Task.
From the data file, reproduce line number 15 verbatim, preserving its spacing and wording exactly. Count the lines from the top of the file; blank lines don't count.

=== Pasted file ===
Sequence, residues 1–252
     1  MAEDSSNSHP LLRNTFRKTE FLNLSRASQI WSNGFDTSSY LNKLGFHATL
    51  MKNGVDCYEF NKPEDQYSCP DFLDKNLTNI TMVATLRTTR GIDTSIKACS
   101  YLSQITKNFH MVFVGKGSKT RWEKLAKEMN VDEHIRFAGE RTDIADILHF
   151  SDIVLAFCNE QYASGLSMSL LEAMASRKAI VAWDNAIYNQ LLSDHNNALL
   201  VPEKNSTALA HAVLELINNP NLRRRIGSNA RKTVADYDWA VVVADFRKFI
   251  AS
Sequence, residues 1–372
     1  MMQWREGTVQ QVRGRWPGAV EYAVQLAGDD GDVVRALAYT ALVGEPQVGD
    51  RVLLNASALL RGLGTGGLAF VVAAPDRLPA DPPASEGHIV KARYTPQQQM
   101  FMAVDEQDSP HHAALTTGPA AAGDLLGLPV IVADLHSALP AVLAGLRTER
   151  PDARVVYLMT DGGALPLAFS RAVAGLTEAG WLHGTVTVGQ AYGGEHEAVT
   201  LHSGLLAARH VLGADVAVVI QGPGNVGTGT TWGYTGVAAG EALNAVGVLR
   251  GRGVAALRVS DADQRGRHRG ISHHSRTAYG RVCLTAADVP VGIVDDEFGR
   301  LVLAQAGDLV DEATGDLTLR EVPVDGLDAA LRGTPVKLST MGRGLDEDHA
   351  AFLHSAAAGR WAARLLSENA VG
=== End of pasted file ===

   301  LVLAQAGDLV DEATGDLTLR EVPVDGLDAA LRGTPVKLST MGRGLDEDHA